About IBDP

The IB Diploma Programme

The International Baccalaureate (IB) Organization was founded in Geneva, Switzerland in 1968 as a non-profit educational foundation. A group of talented, forward-thinking teachers at the International School of Geneva, with assistance from several other international schools, created the IB Diploma Programme. While the IB now offers a sequence of three programmes-the PYP (introduced in 1997), the MYP (introduced in 1994), and the Diploma Programme (introduced in 1969) the IB has no requirement for schools to offer more than one programme.

The IB is motivated by a mission to create a better world through education. It promotes intercultural understanding and respect, not as an alternative to a sense of cultural and national identity, but as an essential part of life in the 21st century. All of this is captured in their mission statement:

“The International Baccalaureate aims to develop inquiring, knowledgeable and caring young people who help to create a better and more peaceful world through intercultural understanding and respect.

To this end the organization works with schools, governments and international organizations to develop challenging programmes of international education and rigorous assessment.

These programmes encourage students across the world to become active, compassionate and lifelong learners who understand that other people, with their differences, can also be right”

IBDP is a two-year programme designed for the students aged 16-19. It is a pre-university course which was developed in 1960s in Geneva by a Group of international educators. Its main aim is to develop inquiring, knowledgeable and caring young people who help to create a better and more peaceful world through intercultural understanding and respect.

The balance of a demanding academic programme and all-round development of the personality is the hallmark of the IBDP. Some specific distinguishing characteristics of the IB Diploma Programme are that it requires students to:

  • Ask challenging questions
  • Develop a strong sense of their own identity and culture
  • Develop the ability to communicate with and understand people from other countries and cultures.

The IB Diploma is considered one of the best-balanced and most challenging pre-university courses of study in the world. World-wide, distinguished universities hold the IB Diploma in high regard for admission to their undergraduate programmes.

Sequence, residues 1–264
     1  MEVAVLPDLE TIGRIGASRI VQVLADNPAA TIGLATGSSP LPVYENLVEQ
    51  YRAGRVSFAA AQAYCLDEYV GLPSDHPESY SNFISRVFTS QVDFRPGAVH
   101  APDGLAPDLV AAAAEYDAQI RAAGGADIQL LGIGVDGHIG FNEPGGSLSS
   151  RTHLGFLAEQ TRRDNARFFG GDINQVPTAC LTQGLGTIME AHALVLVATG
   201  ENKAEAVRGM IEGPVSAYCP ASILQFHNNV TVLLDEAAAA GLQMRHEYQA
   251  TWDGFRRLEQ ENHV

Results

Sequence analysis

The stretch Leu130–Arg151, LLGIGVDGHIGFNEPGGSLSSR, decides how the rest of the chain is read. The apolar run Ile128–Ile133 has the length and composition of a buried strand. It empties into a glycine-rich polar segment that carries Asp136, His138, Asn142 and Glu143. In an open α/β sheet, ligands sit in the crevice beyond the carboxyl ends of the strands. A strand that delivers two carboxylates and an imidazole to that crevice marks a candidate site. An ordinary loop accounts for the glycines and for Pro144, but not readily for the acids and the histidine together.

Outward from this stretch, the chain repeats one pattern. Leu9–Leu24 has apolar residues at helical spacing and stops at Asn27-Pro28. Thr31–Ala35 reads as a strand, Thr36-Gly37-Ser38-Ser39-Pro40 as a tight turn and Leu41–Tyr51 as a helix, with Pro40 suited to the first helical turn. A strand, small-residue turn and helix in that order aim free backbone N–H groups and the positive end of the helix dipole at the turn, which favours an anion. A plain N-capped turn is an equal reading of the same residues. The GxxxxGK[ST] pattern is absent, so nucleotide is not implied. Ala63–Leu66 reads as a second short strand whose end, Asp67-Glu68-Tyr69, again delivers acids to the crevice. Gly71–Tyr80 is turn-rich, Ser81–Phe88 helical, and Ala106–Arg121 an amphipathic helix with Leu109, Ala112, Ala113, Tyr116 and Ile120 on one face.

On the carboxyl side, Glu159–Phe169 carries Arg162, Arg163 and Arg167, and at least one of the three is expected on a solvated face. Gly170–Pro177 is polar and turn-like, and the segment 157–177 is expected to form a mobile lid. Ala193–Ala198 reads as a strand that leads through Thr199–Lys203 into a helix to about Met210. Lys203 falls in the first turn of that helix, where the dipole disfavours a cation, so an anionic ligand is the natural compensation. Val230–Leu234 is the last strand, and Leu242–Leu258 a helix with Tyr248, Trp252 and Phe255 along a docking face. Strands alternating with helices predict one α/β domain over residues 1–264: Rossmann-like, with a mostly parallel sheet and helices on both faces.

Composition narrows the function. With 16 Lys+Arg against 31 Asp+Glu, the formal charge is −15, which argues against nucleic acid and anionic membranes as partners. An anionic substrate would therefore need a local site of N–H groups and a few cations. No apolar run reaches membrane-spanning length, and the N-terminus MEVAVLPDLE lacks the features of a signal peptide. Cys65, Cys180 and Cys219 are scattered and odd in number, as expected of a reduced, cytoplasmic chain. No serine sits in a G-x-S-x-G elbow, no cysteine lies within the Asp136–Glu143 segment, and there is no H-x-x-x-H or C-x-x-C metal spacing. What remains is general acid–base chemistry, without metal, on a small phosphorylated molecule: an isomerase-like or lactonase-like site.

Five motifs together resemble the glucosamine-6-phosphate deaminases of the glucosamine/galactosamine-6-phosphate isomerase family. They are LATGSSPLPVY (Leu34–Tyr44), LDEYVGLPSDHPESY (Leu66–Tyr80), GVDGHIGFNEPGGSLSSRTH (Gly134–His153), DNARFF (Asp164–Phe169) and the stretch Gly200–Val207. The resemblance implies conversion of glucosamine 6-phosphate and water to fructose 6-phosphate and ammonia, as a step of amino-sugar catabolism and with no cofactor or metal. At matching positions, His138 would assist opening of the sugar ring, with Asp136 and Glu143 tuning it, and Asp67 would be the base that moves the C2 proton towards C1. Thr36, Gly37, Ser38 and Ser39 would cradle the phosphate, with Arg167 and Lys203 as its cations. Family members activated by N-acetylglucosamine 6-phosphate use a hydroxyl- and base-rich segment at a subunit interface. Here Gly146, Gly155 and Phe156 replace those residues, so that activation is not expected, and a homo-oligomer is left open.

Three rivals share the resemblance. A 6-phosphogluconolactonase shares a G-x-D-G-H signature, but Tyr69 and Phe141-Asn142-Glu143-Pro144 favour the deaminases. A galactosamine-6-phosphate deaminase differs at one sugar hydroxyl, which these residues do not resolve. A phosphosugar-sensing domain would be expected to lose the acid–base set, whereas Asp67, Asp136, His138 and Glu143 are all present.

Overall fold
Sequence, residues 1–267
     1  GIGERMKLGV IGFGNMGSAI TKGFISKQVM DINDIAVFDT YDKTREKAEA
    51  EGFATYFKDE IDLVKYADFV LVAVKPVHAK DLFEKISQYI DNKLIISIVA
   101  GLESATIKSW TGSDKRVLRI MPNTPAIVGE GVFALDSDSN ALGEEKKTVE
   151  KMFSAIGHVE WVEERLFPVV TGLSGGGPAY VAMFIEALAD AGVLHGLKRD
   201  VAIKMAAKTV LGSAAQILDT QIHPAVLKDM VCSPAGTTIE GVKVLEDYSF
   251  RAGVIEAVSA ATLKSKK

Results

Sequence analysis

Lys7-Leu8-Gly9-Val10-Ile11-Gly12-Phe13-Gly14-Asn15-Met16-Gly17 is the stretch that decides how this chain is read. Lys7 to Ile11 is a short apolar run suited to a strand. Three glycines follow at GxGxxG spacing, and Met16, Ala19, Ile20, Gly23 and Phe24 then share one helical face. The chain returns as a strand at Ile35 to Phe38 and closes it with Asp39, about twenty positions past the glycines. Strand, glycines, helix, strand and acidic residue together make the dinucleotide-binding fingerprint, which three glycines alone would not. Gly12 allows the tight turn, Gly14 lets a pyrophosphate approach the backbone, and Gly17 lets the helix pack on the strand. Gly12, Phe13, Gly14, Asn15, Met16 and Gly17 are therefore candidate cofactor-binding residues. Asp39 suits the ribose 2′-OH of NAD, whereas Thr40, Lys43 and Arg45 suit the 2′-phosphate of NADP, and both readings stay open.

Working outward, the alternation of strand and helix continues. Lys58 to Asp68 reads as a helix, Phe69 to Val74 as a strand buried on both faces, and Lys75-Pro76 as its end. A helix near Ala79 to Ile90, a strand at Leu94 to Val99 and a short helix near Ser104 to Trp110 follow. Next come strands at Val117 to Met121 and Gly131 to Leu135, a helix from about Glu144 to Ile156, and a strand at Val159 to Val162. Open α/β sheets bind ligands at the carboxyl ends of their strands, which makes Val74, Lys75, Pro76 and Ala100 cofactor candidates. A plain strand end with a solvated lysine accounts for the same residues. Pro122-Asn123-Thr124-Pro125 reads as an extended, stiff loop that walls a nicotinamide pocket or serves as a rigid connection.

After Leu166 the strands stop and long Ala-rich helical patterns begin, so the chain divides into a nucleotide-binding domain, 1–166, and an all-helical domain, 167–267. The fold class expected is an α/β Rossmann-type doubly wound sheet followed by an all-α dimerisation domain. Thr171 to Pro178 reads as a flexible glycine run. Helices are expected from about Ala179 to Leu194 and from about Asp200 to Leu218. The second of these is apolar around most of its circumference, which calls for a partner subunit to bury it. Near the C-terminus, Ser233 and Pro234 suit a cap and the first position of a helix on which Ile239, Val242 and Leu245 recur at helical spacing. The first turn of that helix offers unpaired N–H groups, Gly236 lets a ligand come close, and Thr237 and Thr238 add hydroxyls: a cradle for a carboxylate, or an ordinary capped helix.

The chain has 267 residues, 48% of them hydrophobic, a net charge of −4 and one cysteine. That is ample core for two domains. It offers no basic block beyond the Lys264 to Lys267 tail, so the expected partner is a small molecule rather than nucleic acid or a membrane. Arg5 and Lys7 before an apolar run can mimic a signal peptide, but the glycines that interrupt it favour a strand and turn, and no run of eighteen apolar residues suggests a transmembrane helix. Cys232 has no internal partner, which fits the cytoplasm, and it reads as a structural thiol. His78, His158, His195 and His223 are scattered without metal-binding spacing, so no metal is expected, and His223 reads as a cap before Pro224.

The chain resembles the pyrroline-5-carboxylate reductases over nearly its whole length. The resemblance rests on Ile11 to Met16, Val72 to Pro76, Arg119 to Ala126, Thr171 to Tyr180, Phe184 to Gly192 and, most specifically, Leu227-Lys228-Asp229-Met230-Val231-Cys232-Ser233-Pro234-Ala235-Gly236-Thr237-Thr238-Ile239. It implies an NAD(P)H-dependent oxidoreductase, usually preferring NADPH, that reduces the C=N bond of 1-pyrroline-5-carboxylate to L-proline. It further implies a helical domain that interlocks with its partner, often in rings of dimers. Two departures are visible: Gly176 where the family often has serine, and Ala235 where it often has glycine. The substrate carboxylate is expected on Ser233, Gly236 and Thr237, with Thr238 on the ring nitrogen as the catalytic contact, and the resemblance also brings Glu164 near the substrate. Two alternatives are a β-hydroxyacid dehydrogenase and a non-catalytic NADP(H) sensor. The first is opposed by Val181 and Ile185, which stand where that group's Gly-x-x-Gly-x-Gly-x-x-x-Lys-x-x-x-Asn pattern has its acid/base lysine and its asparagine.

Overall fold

KiiTIS IBDP Curriculum

KiiT International School curriculum contains six subject groups together with the DP core. Under six subject groups, three subjects are taken at HL and three at SL. Students can choose one subject from Group I to VI (they also have the option to not take a Group VI subject and replace it with a second subject from Group III or IV.) Final external exams are taken after two years.

Six Subject Groups

English A Language & Literature (HL & SL)

The Language and Literature course provides students with the opportunity to study language, texts and culture, and to develop their analytical skills.

Literature being a significant part of the course, students explore what aspects of a literary text are specific to an associated culture and what aspects cut across cultural and linguistic boundaries. This enriches the students’ international awareness and develops in them the attitudes of tolerance, empathy and a genuine respect for perspectives different from their own.

  • French AB-Initio (SL)
  • Spanish AB-Initio (SL)
  • Hindi B (HL & SL)

Second language studies develops students’ powers of expression, provides them with a resource for the study of other subjects, and brings them into contact with ways of thought which may differ from their own.

Group 2 accommodates students irrespective of their language proficiency; students with very high level of fluency (HL), second language learners with some previous experience in the language (SL) and complete beginners with no previous experience (AB initio).

  • Business & Management (HL & SL)
  • History (HL & SL)
  • Economics (HL & SL)
  • ITGS (HL & SL)
  • Environmental systems and societies (SL)
  • Psychology (HL & SL)

Studies of local institutions and global perspectives foster an appreciation of change and continuity as well as similarity and difference. Students evaluate the major theories, concepts and research findings of the respective disciplines and learn their methodology.